Music to drink and party to

GYPSY JAZZ: With two acoustic guitars and double bass, the Black Spider Trio continue French gypsy guitarist Django Reinhardt’s gypsy swing legacy with the fast instrumental and danceable sound they bring to Gisborne next week. Picture supplied

Music to drink and party to, “not for sipping wine and eating crackers”, is how Wellington-based gypsy jazz act, Black Spider Trio have described themselves.

“People are often stoked on us because others playing this style of music in New Zealand, to any decent degree, are generally much older than us, playing tired and generic medium-paced tunes, often focusing on covers,” the band told musician John Dimery.

“We wanted to play something faster.”

Blazingly swift gypsy swing, deep sultry ballads, old world waltzes and foot-stomping shuffles is what the talented lads deliver.

The trio is known for its re-imaginings of classic jazz tunes by Django Reinhardt, Louis Armstrong, Sidney Bechet and others.

Gypsy jazz, or gypsy swing or hot club jazz, is said to have been started by the Romani guitarist Jean “Django” Reinhardt in Paris during the 1930s. Because its origins are in France, gypsy jazz is often called jazz manouche.

With a core trio of James Quick and Sam Thurston on twin lead acoustic guitars and Scott Maynard on double bass, the sound is all around stringed instruments.

“We love the Django style; the high energy, improvised style of music” says Maynard, a former Gisborne resident.

“For jazz and improvised music it’s accessible, it has constant rhythm. The rhythm in modern jazz can be a bit more ambiguous.”

The Black Spider Trio write originals as well as play Reinhardt’s more obscure works but they are still accessible, says Maynard.

“We all come from different musical backgrounds and those influences come into our own pieces. A lot of us have played punk and that attitude lends itself to playing this sort of music.”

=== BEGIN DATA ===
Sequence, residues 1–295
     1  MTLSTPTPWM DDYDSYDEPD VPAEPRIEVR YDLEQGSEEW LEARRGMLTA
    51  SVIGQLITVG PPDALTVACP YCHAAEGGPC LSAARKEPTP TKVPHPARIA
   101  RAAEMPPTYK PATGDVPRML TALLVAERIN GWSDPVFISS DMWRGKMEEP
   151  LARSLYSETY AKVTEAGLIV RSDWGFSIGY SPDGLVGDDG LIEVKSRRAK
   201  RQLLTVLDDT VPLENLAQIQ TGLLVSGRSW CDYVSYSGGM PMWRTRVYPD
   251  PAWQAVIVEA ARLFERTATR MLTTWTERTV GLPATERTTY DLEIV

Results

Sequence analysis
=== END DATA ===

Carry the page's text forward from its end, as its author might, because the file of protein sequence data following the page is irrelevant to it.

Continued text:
As buskers Quick and Thurston began honing their craft on Wellington streets. While learning various gypsy jazz guitar techniques they built themselves a solid repertoire. By 2011 they had put together a quintet made up of three guitars, horn and double bass. Under the title Black Spider Stomp they have since released three albums and a 7” vinyl. As a trio, Black Spider released their album Gypsy Swing in June.

Black Spider Trio, Dome garden bar, Friday November 22, 7pm. Free entry.

Music to drink and party to, “not for sipping wine and eating crackers”, is how Wellington-based gypsy jazz act, Black Spider Trio have described themselves.

“People are often stoked on us because others playing this style of music in New Zealand, to any decent degree, are generally much older than us, playing tired and generic medium-paced tunes, often focusing on covers,” the band told musician John Dimery.

“We wanted to play something faster.”

Blazingly swift gypsy swing, deep sultry ballads, old world waltzes and foot-stomping shuffles is what the talented lads deliver.

The trio is known for its re-imaginings of classic jazz tunes by Django Reinhardt, Louis Armstrong, Sidney Bechet and others.

Gypsy jazz, or gypsy swing or hot club jazz, is said to have been started by the Romani guitarist Jean “Django” Reinhardt in Paris during the 1930s. Because its origins are in France, gypsy jazz is often called jazz manouche.

With a core trio of James Quick and Sam Thurston on twin lead acoustic guitars and Scott Maynard on double bass, the sound is all around stringed instruments.

“We love the Django style; the high energy, improvised style of music” says Maynard, a former Gisborne resident.

“For jazz and improvised music it’s accessible, it has constant rhythm. The rhythm in modern jazz can be a bit more ambiguous.”

The Black Spider Trio write originals as well as play Reinhardt’s more obscure works but they are still accessible, says Maynard.

“We all come from different musical backgrounds and those influences come into our own pieces. A lot of us have played punk and that attitude lends itself to playing this sort of music.”

As buskers Quick and Thurston began honing their craft on Wellington streets. While learning various gypsy jazz guitar techniques they built themselves a solid repertoire. By 2011 they had put together a quintet made up of three guitars, horn and double bass. Under the title Black Spider Stomp they have since released three albums and a 7” vinyl. As a trio, Black Spider released their album Gypsy Swing in June.

Black Spider Trio, Dome garden bar, Friday November 22, 7pm. Free entry.

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